Conservation Matters February 2012

The Texas Land, Water and Wildlife Connection

Harlingen Irrigation District’s conservation projects receive global recognition

A group of water conservation initiatives developed and promoted by the Harlingen Irrigation District (HID) of Cameron County was recognized as one of nine global "good practice" projects included in a special report presented to the World Economic Forum in Davos, Switzerland, in January.

A Catalogue of Good Practices in Water Use Efficiency highlights agricultural, municipal and industrial water efficiency and conservation projects that can be replicated elsewhere. The catalogue was prepared by the Stockholm International Water Institute, and it defines a "good practice" project as one that "demonstrably improves the efficiency or productivity of water use (through water savings and/or yield increase)."

The district, which manages 52,000 acre-feet of water for irrigation use in agricultural operations in the Lower Rio Grande Valley, was recognized for its innovation and technological advances in the area of irrigation flow control and water usage measurement.

"This project has proved that proper management, regardless of the method of irrigation, actually can produce increased yields with less water," said HID General Manager Wayne Halbert. "Our results can be replicated across Texas and the entire world."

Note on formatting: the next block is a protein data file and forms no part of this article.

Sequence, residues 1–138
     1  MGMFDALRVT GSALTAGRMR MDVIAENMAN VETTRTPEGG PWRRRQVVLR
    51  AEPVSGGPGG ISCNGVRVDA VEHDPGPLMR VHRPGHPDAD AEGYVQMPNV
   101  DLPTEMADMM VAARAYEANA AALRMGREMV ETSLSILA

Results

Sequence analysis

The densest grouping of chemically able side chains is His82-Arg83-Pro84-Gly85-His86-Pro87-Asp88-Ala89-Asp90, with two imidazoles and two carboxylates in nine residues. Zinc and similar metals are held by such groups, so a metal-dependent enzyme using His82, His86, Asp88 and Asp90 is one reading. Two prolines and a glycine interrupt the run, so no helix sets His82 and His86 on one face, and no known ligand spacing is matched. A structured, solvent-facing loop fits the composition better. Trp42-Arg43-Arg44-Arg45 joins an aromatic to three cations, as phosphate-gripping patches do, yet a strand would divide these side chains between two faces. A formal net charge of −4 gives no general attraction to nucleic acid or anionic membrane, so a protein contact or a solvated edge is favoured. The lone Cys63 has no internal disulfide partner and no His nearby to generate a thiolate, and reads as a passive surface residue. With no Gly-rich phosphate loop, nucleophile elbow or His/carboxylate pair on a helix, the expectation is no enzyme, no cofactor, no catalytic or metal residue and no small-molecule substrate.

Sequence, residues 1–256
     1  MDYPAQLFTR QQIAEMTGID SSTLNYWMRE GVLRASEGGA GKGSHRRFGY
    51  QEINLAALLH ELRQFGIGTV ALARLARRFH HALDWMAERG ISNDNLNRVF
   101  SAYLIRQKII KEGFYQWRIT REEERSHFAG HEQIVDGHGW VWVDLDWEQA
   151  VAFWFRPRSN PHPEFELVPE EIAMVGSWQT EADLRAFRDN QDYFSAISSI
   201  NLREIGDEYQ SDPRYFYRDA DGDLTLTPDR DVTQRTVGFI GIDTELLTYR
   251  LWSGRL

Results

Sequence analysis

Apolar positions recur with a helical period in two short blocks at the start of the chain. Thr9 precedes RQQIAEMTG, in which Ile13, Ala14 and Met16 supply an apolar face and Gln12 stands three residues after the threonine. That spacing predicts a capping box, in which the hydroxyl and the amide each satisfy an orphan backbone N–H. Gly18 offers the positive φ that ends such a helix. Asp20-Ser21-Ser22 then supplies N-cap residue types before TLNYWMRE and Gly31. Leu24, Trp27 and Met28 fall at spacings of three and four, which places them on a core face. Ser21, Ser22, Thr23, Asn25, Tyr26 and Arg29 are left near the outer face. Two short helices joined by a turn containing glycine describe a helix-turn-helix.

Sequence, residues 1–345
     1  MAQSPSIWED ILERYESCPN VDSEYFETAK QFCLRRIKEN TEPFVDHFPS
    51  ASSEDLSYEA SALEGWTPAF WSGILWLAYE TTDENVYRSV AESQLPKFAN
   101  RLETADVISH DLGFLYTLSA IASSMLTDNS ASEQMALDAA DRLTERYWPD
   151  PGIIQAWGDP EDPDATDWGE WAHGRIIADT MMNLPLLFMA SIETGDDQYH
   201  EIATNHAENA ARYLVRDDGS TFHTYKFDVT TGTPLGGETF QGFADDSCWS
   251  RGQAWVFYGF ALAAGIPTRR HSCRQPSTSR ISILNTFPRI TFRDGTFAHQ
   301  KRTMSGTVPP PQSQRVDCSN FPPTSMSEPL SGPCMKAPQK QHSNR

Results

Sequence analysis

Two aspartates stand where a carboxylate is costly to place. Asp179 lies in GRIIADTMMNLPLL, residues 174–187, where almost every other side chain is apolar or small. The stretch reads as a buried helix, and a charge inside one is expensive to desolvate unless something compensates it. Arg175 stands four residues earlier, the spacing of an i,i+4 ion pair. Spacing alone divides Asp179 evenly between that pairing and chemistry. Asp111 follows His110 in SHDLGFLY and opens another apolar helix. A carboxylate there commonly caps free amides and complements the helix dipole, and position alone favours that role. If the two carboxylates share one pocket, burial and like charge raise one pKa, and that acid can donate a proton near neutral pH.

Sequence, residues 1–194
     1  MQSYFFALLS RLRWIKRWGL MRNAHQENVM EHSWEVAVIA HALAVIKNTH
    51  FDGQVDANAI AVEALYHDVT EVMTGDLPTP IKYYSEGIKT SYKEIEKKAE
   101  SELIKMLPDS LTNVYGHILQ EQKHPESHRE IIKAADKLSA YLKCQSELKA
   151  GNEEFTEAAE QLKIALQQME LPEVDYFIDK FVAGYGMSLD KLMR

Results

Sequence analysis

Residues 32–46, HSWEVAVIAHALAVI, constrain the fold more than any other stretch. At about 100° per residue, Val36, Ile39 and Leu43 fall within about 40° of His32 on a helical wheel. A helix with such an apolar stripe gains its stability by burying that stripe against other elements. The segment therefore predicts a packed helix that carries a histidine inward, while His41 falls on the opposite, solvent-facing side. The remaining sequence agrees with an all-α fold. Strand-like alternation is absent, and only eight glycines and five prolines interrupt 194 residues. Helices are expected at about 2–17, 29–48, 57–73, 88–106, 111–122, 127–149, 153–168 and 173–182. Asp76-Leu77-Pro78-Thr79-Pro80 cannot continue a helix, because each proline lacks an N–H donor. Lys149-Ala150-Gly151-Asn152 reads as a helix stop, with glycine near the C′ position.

In 2004, HID was awarded a 10-year grant under the Agricultural Water Conservation Demonstration Initiative Program of the Texas Water Development Board to promote water conservation while maintaining or increasing profitability on farms. HID’s efforts focused on developing a water distribution network control and management system and promoting on-farm irrigation techniques in a large-scale demonstration of cost-effective technologies. HID’s SCADA system (Supervisory Control and Data Acquisition) allows it to monitor and control processes distributed among various remote sites, facilitating communications between those sites and the central facility and providing the necessary data to control processes.

HID supports the SCADA system with several other initiatives:

  • A Flow Meter Calibration and Demonstration Facility, the first in Texas according to HID, that can simulate various options for irrigation systems, allowing for more informed decisions about irrigation techniques and water conservation.
  • Collection of on-farm flow measurement data through automatic meters installed throughout the District’s 250-mile irrigation system.
  • A demonstration of web-based information system that reports weather, real time flows, and a user accounting system.
  • Design of low-cost automatic gates for irrigation canals and low-cost remote telemetry units to measure water levels and soil moisture.

HID surveys conducted in 2009 and 2010 showed that these innovative irrigation system controls and data streams achieved water savings of nearly 35 percent.

AW Blair Engineering, the Texas AgriLife Extension Service, and Texas A&M University Kingsville provide consulting services for the various projects. Additional funding has been provided by U.S. Bureau of Reclamation and the North American Development Bank and by the District, its consulting partners, Delta Lake Irrigation District, Netafim, and USDA-EQIP.

For more information see the Catalogue of Good Practices in Water Use Efficiency, where HID is featured starting on page 11, or read the full HID news release.

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